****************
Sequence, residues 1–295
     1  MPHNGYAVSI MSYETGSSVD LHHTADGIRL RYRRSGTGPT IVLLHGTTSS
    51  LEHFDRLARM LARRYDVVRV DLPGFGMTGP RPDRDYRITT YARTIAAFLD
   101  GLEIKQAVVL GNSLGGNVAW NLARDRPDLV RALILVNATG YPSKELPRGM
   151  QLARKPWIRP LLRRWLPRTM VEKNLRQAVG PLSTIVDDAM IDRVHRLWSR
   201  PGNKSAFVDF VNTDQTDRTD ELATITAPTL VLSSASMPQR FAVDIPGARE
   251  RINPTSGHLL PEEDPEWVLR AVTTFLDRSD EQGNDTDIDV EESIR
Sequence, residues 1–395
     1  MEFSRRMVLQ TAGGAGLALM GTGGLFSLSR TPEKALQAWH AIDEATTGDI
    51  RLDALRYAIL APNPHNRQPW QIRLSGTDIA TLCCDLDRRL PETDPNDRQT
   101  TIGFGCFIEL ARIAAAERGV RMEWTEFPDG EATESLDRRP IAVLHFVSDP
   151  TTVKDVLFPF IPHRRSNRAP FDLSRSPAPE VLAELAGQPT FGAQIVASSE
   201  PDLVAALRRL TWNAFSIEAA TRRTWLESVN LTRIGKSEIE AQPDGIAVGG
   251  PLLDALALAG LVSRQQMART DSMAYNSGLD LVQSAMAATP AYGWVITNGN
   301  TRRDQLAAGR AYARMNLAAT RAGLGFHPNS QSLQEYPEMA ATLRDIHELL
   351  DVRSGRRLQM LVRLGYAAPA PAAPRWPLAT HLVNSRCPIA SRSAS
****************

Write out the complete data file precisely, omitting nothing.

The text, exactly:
Sequence, residues 1–295
     1  MPHNGYAVSI MSYETGSSVD LHHTADGIRL RYRRSGTGPT IVLLHGTTSS
    51  LEHFDRLARM LARRYDVVRV DLPGFGMTGP RPDRDYRITT YARTIAAFLD
   101  GLEIKQAVVL GNSLGGNVAW NLARDRPDLV RALILVNATG YPSKELPRGM
   151  QLARKPWIRP LLRRWLPRTM VEKNLRQAVG PLSTIVDDAM IDRVHRLWSR
   201  PGNKSAFVDF VNTDQTDRTD ELATITAPTL VLSSASMPQR FAVDIPGARE
   251  RINPTSGHLL PEEDPEWVLR AVTTFLDRSD EQGNDTDIDV EESIR
Sequence, residues 1–395
     1  MEFSRRMVLQ TAGGAGLALM GTGGLFSLSR TPEKALQAWH AIDEATTGDI
    51  RLDALRYAIL APNPHNRQPW QIRLSGTDIA TLCCDLDRRL PETDPNDRQT
   101  TIGFGCFIEL ARIAAAERGV RMEWTEFPDG EATESLDRRP IAVLHFVSDP
   151  TTVKDVLFPF IPHRRSNRAP FDLSRSPAPE VLAELAGQPT FGAQIVASSE
   201  PDLVAALRRL TWNAFSIEAA TRRTWLESVN LTRIGKSEIE AQPDGIAVGG
   251  PLLDALALAG LVSRQQMART DSMAYNSGLD LVQSAMAATP AYGWVITNGN
   301  TRRDQLAAGR AYARMNLAAT RAGLGFHPNS QSLQEYPEMA ATLRDIHELL
   351  DVRSGRRLQM LVRLGYAAPA PAAPRWPLAT HLVNSRCPIA SRSAS